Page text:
It took five minutes of standing away before the crab came out again. Unfortunately, whenever my shadow appeared on the water, he’d rush right back under.
The same was for the other hole. The crab there would also dart under the lip of the hole whenever a portion of my shadow hit the water.
After playing hide-and-seek for over an hour, it was about four in the afternoon and I was tired, parched, and sunburned.
As you can imagine, I was extremely frustrated at having discovered crabs in the middle of the city and not being able to take their pictures.
But having wasted so much of my day, I didn’t want to go home empty handed. So I decided to sit by the PSC Complex wall and wait to get the money shot.
In order to catch water coming down from the PSC Complex, water troughs water were built at the base of the walls.
Looking like a second wall that is a foot high, they guide the water into the sewage system at the corner of Saint Martin Street.
As I walked over, another movement caught my eye. This time it was bigger, darker, and faster. And to top it all off, it was on dry land.
I instinctively stopped as my eyes focused on the source of the movement. I was worried it was a snake or something.
Then I saw it.
There on top of a folded cardboard box was a black Skink with a yellow stripe on its side. It was beautiful.
It stayed on the box for a split second before darting away like a snake on steroids.
The Skink was approximately as along as an average arm from nose to tail and boy was fast. I didn’t even have time to twitch a finger before it disappeared.
Talk about another missed opportunity!
On the offshoot chance that he’d still be there, I slowly walked over to see if I could catch a picture of him. And when I saw another movement, I jammed my finger down the shutter button.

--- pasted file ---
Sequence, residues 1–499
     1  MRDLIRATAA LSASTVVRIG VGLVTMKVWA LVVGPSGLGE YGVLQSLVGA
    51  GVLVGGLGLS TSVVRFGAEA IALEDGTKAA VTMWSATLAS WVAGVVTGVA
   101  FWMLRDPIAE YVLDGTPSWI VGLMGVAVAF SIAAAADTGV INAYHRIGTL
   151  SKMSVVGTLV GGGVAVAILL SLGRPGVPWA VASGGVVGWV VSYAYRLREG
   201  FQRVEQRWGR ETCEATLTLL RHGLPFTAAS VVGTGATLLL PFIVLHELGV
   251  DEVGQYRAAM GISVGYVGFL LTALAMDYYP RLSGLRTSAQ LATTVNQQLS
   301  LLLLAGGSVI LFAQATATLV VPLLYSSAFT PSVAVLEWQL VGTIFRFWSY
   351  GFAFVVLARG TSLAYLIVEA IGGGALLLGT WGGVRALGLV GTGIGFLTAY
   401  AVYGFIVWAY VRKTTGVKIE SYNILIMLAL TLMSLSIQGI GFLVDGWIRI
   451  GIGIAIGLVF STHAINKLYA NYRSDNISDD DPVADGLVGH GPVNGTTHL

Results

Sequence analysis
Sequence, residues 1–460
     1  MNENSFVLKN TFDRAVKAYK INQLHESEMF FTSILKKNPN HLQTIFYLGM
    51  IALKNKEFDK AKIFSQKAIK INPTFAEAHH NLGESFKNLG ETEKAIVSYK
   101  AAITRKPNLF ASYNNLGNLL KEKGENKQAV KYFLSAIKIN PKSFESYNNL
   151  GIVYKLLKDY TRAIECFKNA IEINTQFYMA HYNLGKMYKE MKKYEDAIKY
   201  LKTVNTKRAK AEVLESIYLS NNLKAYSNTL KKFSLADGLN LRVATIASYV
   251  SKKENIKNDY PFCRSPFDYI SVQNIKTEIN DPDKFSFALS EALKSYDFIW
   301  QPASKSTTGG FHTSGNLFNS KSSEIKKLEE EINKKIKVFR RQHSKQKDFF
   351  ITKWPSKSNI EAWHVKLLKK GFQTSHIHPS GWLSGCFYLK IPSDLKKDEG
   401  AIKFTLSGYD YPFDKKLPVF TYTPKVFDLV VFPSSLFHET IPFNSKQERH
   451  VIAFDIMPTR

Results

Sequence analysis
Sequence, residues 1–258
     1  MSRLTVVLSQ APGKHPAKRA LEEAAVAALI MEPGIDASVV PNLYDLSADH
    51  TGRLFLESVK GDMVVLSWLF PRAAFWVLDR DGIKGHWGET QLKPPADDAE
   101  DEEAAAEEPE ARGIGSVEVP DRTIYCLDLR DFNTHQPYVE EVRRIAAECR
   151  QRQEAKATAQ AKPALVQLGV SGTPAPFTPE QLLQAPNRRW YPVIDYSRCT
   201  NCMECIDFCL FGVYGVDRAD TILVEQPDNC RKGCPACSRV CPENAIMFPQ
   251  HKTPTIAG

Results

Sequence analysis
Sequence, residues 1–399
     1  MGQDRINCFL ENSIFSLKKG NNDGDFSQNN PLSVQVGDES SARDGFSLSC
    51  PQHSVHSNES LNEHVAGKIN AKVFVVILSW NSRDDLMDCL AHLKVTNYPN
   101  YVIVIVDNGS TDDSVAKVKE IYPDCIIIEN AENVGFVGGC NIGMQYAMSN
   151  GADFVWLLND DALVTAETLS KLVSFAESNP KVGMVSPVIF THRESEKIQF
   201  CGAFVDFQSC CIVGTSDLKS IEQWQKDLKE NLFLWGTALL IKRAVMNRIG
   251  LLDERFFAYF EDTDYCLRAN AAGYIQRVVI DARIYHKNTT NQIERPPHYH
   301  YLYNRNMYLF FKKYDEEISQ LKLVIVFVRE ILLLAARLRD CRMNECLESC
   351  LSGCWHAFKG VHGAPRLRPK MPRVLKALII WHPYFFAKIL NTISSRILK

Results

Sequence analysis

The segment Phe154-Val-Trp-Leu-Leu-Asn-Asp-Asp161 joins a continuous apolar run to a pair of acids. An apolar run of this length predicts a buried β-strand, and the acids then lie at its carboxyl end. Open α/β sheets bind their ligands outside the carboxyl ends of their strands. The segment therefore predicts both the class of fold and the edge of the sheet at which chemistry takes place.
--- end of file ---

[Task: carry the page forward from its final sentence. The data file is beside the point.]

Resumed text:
It was definitely him as I caught sight of his long tail disappearing underneath the cardboard.
Sadly, all I got was a series blurred pictures.
Disappointed with absolutely nothing to show for at this point, I decided to take a seat as I pondered my next move.
When I turned around, I caught site of another crab as it slowly crawled sideways down the trough.
This time, I was ready and fired off several shots to get it.
Based on the pictures, you may think that the crab itself is unremarkable. But like I said, finding it so far from a river or beach is amazing just by itself.
I took as many pictures as I could before it disappeared underneath the cardboard box; the same one the Skink crawled under.
Too bad they were both hiding. It would have been nice to take their pictures had they bumped into each other.
Would the Skink eat the crab? Or would the crab nip the Skink with its pincer? Would a long, drawn out battle ensue? The kid in me was going through all the possibilities at breakneck speed.
Alas, they all stayed out of sight for the rest of my stay.
Time to Head Home
After another hour of waiting, it was time to call it a day. And I started to head on home, sans my swim and shower.
But even if I smelled of burned skin, I did end up with a wonderful experience.
As a kid, I have always marveled at Mother Nature. And as an adult, it was nice to remember that feeling today.
The thing is, despite man’s altering, and even destroying, his environment, Mother Nature still manages to push back and put life in the most unexpected places.